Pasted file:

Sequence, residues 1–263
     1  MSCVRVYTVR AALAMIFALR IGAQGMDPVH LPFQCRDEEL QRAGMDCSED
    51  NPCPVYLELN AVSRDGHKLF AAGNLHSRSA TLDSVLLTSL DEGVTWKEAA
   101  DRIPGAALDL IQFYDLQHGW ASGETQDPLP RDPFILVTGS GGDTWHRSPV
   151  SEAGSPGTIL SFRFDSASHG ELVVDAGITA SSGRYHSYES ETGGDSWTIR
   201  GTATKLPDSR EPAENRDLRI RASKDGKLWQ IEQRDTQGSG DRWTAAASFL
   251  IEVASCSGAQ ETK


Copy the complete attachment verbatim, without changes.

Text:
Sequence, residues 1–263
     1  MSCVRVYTVR AALAMIFALR IGAQGMDPVH LPFQCRDEEL QRAGMDCSED
    51  NPCPVYLELN AVSRDGHKLF AAGNLHSRSA TLDSVLLTSL DEGVTWKEAA
   101  DRIPGAALDL IQFYDLQHGW ASGETQDPLP RDPFILVTGS GGDTWHRSPV
   151  SEAGSPGTIL SFRFDSASHG ELVVDAGITA SSGRYHSYES ETGGDSWTIR
   201  GTATKLPDSR EPAENRDLRI RASKDGKLWQ IEQRDTQGSG DRWTAAASFL
   251  IEVASCSGAQ ETK